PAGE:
World War II had ended. Peace had been declared. But young Lieutenant Hiroo Onoda of the Japanese Imperial Army, stationed on an island in the Philippines, didn’t know the war had ended. Attempts were made to track him down. Leaflets were dropped over his location, telling him the war was over. But Onoda, whose last order in 1945 was to stay and fight, dismissed these attempts and leaflets as trickery or propaganda from the enemy. He did not surrender until March 1974—nearly 30 years after the war had ended—when his former commanding officer traveled from Japan to the Philippines, rescinded his original order, and officially relieved Onoda of duty. Onoda finally believed the war was over.
When it comes to the good news about Jesus Christ, many still haven’t heard or don’t believe that He has “destroyed death and has brought life and immortality to light through the gospel” (2 Tim. 1:10). And some of us who have heard and believed still live defeated lives, trying to survive on our own in the jungle of life.
Someone needs to tell them the glorious news of Christ’s victory over sin and death. Initially, they may respond with skepticism or doubt, but take heart. Imagine the freedom they’ll find when Christ illumines their mind with the knowledge that the battle has been won.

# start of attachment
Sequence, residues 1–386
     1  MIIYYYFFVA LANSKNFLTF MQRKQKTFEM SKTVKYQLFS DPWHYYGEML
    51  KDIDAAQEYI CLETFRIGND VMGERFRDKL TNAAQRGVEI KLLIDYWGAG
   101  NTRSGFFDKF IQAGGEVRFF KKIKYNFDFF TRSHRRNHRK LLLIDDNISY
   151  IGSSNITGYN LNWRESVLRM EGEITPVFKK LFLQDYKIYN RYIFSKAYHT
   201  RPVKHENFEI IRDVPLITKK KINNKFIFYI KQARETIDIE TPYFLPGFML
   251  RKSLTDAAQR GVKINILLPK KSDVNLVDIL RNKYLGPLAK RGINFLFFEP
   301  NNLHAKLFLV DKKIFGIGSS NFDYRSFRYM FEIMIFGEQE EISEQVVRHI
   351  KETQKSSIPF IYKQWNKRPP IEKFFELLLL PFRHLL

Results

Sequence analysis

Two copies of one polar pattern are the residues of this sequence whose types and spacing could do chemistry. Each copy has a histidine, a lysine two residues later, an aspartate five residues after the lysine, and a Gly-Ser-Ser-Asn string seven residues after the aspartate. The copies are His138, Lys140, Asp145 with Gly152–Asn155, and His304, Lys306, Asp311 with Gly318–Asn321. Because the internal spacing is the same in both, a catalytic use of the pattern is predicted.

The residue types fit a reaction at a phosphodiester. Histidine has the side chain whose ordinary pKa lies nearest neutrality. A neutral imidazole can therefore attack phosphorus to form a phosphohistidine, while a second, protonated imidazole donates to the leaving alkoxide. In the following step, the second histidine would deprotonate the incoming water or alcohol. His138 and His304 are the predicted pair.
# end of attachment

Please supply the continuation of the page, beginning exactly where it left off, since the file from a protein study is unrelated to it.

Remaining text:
Lord, help me to keep an open heart to listen to others and to share about what You have done.
Will you tell someone the good news today?
When we hear the word ministry we often associate it with a vocation or certain church-related activities that we perform individually—“my ministry is this or that.” But Paul is telling the church at Corinth that they all have the same ministry: “through God’s mercy we have this ministry” (2 Cor. 4:1). So what is this universal ministry Paul is calling the church to? The Greek word translated “ministry” in this passage is commonly rendered “waiting at tables.” Paul is talking about service. All Christians are called to a lifestyle of service that witnesses to and communicates the good news of Jesus.